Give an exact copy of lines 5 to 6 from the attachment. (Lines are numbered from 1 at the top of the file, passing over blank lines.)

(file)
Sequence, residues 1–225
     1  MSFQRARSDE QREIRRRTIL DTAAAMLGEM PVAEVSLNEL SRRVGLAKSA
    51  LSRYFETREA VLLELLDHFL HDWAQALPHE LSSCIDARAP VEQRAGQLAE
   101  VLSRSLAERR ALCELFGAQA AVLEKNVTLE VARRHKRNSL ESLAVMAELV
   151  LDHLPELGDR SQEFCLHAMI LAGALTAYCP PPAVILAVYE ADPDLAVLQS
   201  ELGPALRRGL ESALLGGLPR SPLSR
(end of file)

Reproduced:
   151  LDHLPELGDR SQEFCLHAMI LAGALTAYCP PPAVILAVYE ADPDLAVLQS
   201  ELGPALRRGL ESALLGGLPR SPLSR